HORNELL — For Susan Wake, the outdoor statues at St. Ann Church serve a vital community role.
“By having the art displayed, it speaks to people,” said Wake, who attends St. Ann with her husband, Larry. She explained that the statues are a spiritual aid for many people who pass by the church and pause for a brief prayer.
“It’s a walking community. It’s a very busy street,” she said of St. Ann’s location at the corner of Erie Avenue and Elm Street near downtown Hornell.
Beginning this past fall, an addition now adorns the church’s exterior. It’s a large statue of St. Joachim, father of the Virgin Mary — freshly refurbished by Wake — in its new location after many years at the former St. Joachim Church in Canisteo.
Wake said she received positive feedback and questions from curious onlookers, both Catholic and non-Catholic, during her two-month outdoor restoration project.
“I thought that people might not care for what I was doing, but that never occurred,” said Wake, who has refurbished and touched up nearly 50 pieces of St. Ann’s interior and exterior artwork over the past 15 years.
St. Joachim statue was transported five miles from Canisteo to Hornell
The St. Joachim statue represents the patron saint of a Catholic church founded in 1880 on West Main Street in Canisteo, five miles south of Hornell. In 2004, St. Joachim Church became part of the newly formed Our Lady of the Valley Parish in western Steuben County, joining with St. Ann, St. Mary in Rexville and the former St. Ignatius Loyola in Hornell.
However, St. Joachim closed in 2005. The church then housed Steuben County Rural Ministry until 2019, when Catholic Charities of Steuben/Livingston vacated the property in order to centralize ministry operations in Hornell.
Father Stanley Kacprzak, pastor of Our Lady of the Valley, explained in his Nov. 20, 2022, bulletin column that with the St. Joachim property not in use, he arranged for the statue to be relocated to St. Ann due to safety concerns. However, Father Kacprzak added, the statue was badly in need of painting and repairs.
Enter Wake, who had belonged to St. Joachim Church until its closing. The statue was transported from Canisteo to Hornell in the late summer of 2022, and Wake began refurbishing it in a parking lot across the street from St. Ann Church. Wake noted that members of the local Ancient Order of Hibernians then built a pedestal for the statue near the church exterior and brought it to that spot, where she finished working on it.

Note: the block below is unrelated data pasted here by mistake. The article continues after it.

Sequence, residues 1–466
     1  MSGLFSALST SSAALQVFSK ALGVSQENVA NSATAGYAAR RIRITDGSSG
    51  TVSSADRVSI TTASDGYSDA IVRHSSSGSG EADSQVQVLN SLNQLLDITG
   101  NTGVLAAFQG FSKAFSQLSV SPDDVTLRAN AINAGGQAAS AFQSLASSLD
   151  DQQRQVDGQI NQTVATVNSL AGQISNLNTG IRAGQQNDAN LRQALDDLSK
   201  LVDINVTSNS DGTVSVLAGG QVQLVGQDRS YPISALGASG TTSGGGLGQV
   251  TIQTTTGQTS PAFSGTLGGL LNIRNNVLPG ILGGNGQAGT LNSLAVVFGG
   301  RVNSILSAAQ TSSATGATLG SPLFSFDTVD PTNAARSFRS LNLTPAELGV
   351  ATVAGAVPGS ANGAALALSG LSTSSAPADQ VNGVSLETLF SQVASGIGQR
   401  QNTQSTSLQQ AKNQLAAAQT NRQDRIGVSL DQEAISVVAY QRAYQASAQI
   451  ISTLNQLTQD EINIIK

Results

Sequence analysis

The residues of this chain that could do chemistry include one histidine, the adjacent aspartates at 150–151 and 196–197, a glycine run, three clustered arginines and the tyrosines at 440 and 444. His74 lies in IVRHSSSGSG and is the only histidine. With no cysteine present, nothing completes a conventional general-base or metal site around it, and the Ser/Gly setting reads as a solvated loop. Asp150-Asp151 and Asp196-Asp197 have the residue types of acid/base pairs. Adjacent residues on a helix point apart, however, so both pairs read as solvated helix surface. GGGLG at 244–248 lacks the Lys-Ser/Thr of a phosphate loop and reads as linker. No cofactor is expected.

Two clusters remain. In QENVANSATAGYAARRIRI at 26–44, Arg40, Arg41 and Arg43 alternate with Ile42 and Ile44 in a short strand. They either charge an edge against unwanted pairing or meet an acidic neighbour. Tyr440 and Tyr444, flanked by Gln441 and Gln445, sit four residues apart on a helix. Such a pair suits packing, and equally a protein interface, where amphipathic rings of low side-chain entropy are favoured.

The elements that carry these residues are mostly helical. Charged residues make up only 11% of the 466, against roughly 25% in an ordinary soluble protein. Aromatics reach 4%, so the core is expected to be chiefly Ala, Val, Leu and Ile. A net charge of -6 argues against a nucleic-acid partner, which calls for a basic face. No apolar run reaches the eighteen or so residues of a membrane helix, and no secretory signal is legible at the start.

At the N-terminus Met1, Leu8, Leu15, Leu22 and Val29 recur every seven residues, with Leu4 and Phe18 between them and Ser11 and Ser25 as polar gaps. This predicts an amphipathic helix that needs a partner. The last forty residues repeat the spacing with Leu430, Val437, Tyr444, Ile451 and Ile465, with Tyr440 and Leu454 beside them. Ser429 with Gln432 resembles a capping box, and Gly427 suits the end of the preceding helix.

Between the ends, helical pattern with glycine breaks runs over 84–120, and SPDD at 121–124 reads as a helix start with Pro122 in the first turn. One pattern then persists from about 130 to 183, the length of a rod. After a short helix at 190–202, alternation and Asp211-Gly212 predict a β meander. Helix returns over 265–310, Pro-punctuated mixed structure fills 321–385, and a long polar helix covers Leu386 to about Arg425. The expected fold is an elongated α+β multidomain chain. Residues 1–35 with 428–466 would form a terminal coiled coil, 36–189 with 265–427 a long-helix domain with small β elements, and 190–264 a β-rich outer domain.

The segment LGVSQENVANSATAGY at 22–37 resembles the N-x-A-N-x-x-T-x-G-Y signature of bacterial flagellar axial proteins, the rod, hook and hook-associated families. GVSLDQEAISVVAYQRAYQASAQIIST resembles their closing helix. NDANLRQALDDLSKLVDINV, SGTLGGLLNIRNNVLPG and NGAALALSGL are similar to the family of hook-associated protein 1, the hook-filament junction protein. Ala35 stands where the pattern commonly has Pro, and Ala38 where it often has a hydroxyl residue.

“It was extremely heavy. It took four men to carry it,” she said.
Steuben parishioner approached restoration project with care
Wake explained that the statue, which was originally all white, had become discolored and worn down due to water, wind and natural aging. She removed the old paint while carefully checking for damage.
“There was a lot hand sanding, and the statue has a lot of folds, so you have to look at it from all angles,” she said.
Another key consideration was the expression on St. Joachim’s face, which she augmented to appear forlorn. She explained that this would likely have been Joachim’s reaction to his rejection at the Temple, which — according to tradition — occurred after he sought to sacrifice two doves but was thought to be in God’s disfavor because he and his wife, Anne, were childless.
Wake added that she chose green — a color symbolizing hope — as the statue’s predominant color, because Joachim maintained hope after his rejection, withdrawing to the desert to fast and do penance. Tradition states that Joachim and Anne eventually received messages from an angel that they were to be parents. They named their child Mary, who became the mother of Jesus.
Hornell woman says her artwork is ‘like a calling’
Wake completed her work at the end of October, saying she received encouragement from parishioners as well as prayers that the nice fall weather would hold out — which it did.
“It kind of feels like a parish community project, because I got all these prayers and all this help,” she remarked.
Wake doesn’t have any formal art education, yet her talent has benefited not only St. Ann Church but also several people who have sought her out to spruce up their personal religious artifacts.
“It’s like a calling,” she said.
Wake said that through her artwork, she more fully appreciates the value of statues in enhancing people’s spirituality — even those who might not regularly attend church.
“They feel, I guess maybe, a gentle pull. You can’t hit people over the head with a hammer about religion. It’s a whisper,” Wake said, adding that spiritual growth occurs “in God’s time, not in our time.”Tags: Art, Faith in Action, Feast Days & Saints, Steuben County News